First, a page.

Do your research or don’t come to conclusions

To be an actual liberal, you don’t need to research everything in great detail, you don’t need to research anything if you don’t want to, you just need to be honest with yourself and accept that believing things without sufficient evidence just because the story fits within your existing narrative, or is being written by your favourite journalist, is not a reliable path to truth and you are not justified in those beliefs, whether or not they are eventually proved correct.

As much as it would make life easier, things are not black and white and this is a fact which needs to be recognised. People who you perceive to be in your corner may not always be acting in good faith, journalists may be on someone’s payroll or just doing shoddy work, the state may be lying like they have done so many times before. Don’t be a parrot.

Fake news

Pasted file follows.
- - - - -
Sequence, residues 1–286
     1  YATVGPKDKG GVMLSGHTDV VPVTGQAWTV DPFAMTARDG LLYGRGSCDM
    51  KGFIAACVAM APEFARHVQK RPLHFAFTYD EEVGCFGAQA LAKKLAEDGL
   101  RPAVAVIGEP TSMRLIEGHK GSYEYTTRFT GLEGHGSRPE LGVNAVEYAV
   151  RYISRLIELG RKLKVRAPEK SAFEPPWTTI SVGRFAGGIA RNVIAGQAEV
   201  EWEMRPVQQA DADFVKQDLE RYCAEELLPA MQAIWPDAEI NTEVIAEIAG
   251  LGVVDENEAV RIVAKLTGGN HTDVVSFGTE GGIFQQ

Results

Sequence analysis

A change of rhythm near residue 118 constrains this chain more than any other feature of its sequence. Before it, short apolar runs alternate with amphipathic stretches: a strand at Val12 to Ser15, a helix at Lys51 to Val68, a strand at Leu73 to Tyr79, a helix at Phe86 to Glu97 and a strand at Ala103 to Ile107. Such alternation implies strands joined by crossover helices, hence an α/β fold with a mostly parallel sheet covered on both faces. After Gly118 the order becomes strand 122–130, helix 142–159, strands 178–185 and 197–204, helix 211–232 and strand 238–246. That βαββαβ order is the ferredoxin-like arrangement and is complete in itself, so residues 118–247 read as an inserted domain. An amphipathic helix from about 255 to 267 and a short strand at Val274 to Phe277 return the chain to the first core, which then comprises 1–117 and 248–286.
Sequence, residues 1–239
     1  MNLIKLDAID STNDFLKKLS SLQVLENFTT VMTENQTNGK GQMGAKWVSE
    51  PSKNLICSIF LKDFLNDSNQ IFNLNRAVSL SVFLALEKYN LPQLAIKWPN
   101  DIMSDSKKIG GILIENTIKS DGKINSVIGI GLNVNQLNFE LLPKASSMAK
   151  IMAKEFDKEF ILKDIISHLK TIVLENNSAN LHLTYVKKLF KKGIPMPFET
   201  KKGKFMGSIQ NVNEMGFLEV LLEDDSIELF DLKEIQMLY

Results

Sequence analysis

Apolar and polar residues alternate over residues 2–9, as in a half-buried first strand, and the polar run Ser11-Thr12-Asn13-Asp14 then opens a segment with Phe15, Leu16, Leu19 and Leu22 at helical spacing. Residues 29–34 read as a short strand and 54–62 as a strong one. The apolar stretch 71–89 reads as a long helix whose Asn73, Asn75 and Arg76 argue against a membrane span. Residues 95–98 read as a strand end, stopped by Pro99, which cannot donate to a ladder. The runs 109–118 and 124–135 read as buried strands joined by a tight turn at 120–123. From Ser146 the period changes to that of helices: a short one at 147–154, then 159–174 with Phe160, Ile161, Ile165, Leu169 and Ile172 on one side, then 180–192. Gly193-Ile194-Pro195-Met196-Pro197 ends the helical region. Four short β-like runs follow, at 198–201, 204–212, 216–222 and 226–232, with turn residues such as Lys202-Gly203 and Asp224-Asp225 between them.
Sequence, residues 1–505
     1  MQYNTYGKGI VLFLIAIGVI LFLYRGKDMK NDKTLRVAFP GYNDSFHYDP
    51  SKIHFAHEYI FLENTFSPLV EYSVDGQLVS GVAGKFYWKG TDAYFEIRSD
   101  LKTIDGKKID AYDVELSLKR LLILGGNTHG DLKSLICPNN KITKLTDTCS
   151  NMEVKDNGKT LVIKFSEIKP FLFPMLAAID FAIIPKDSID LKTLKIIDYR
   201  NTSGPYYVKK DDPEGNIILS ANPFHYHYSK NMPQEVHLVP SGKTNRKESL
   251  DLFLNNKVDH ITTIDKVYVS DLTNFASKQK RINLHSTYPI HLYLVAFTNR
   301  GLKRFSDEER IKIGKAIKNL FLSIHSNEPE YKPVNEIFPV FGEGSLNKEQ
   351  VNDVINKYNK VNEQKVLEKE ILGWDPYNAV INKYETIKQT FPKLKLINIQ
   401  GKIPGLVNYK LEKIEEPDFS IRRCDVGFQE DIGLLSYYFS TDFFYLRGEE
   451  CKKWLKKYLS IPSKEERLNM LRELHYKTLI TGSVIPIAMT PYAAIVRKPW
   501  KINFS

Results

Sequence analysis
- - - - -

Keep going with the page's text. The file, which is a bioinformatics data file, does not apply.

If you are reading this article and thinking, “this person is pro-Russia, this is fake news”, then the point of this article has been lost on you and you need to go and ask Polly for another cracker.

You can oppose two things at the same time, you can support some policies of a political party and not others, you can agree with a Momentum policy if you are a member of the Conservative Party and you can agree with a policy of the Tories if you are a member of the Labour party. These things are unlikely but not impossible if you have an open mind and focus on policy and facts.

You can also be against the foreign policy of the USA or the UK without supporting the foreign policy of autocrats like Putin, this is a false dichotomy; refuting one claim is not usually tantamount to asserting that the opposite is true.

How to not be a parrot

I am sorry to be the bearer of bad news to all of the parrots out there, but it’s never too late to alter your thinking; a leopard may not be able to change its spots, but you’re not a leopard, you’re a parrot.